IN A STUDIO AT EL ZAGUÁN, a historic adobe compound for artists and writers on Santa Fe’s Canyon Road, Julia Tait Dickenson makes brooms—but not just any brooms. “I like to make functional things beautiful,” she says. “It has a soul to it.”
Dickenson opened Thin Air Goods in 1992, then moved to Vermont, where she raised her family, served as a social worker, and pursued creative passions such as jewelry, ceramics, printing, and embroidery. She took up broom- and brush-making after a virtual workshop early in the pandemic and returned to the City Different in the summer of 2021.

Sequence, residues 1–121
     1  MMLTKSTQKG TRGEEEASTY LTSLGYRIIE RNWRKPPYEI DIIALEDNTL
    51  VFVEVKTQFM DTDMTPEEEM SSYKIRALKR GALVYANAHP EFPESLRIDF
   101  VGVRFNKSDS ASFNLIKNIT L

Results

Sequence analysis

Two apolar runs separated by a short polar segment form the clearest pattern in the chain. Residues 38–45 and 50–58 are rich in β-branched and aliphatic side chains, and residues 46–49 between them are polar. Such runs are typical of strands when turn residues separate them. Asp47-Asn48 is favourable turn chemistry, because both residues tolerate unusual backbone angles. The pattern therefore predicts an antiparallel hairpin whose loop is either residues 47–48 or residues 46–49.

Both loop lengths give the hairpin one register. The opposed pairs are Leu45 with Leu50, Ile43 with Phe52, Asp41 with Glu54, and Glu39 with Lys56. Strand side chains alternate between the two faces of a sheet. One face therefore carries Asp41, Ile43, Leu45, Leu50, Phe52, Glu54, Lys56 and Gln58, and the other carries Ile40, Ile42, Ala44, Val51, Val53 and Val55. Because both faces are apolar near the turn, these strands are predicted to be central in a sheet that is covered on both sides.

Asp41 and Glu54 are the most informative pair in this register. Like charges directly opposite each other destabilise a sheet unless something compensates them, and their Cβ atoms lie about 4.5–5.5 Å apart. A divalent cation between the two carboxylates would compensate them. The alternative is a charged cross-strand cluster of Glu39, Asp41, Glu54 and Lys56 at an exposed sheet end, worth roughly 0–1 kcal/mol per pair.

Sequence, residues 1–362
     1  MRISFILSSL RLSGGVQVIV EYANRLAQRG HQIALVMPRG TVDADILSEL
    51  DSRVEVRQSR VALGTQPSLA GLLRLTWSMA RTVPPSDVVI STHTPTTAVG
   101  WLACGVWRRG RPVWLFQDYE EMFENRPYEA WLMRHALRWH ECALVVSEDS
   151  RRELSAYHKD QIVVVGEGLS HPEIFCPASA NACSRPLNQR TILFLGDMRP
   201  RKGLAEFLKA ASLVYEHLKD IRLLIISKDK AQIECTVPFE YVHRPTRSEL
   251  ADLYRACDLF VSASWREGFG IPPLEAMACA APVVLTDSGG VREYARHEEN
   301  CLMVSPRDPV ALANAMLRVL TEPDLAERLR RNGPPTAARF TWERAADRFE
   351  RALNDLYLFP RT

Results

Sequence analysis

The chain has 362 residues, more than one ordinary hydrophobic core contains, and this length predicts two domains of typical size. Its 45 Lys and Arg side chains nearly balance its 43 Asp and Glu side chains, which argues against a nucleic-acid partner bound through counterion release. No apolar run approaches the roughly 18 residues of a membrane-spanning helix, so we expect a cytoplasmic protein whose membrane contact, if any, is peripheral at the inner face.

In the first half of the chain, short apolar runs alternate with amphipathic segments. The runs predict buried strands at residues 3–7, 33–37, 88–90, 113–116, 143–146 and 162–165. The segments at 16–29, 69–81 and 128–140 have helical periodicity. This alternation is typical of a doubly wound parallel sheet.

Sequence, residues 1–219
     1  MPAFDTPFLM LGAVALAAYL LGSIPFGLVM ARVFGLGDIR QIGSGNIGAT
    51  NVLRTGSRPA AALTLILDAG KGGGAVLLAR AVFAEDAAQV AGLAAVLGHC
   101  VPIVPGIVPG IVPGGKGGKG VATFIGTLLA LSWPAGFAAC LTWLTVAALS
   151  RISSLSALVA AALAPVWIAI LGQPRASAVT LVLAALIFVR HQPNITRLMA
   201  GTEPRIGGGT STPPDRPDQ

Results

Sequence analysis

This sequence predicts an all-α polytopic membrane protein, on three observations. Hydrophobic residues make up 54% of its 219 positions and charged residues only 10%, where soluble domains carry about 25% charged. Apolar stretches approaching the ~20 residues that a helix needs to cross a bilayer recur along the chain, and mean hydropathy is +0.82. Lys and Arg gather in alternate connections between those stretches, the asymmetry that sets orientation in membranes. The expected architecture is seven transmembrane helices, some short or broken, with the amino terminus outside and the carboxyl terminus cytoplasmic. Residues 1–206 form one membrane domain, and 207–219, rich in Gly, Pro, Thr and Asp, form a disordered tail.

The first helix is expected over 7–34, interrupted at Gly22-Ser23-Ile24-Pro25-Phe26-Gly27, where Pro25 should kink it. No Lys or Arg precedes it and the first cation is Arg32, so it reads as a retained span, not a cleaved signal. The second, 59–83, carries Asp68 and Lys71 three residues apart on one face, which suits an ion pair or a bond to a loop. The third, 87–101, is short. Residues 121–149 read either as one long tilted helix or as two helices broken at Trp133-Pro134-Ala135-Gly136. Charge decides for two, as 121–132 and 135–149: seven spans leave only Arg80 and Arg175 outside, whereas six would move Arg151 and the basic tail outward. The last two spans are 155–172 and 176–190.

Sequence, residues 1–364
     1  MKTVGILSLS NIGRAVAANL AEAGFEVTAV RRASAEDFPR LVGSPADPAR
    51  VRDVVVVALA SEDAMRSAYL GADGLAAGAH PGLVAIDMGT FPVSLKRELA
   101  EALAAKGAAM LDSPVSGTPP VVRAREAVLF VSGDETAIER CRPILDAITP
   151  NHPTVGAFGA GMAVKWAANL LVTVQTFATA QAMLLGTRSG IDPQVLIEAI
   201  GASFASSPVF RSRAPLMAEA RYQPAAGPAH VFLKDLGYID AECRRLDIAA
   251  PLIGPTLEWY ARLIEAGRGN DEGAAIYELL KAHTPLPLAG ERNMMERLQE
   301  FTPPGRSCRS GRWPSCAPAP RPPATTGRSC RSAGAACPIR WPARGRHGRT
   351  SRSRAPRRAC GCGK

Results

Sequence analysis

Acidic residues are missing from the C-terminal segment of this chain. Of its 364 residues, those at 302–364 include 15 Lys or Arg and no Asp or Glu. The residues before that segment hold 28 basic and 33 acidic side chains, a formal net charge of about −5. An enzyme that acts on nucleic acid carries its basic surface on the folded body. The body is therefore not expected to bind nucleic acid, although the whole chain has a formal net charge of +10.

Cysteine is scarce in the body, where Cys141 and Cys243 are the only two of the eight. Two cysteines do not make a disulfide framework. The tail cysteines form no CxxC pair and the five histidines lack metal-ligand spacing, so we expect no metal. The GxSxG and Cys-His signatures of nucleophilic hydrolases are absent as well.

A treasure hunter, Dickenson scours yard sales and thrift stores for items to repurpose. Brooms—crafted from mop and rake handles, even an old cane—fill her studio. She has turned a vintage dustpan into a brush, with black bristles extending from its longest edge. Another brush uses an old doorknob for a handle.
“I love finding weird things that are used to being held and turning that into something functional,” she says. “My husband says I see a broom in everything.”
It takes hours to hand-sew the coarse broomcorn, made of sorghum sourced from Mexico, onto the handle. Sometimes she adds little adornments, like pom-poms or paper flowers. But Dickenson likes that her brooms will be used to sweep and clean, eventually wearing out.
“My joy in this is function,” she says. “If you’re going to use it every day, why not make it beautiful?”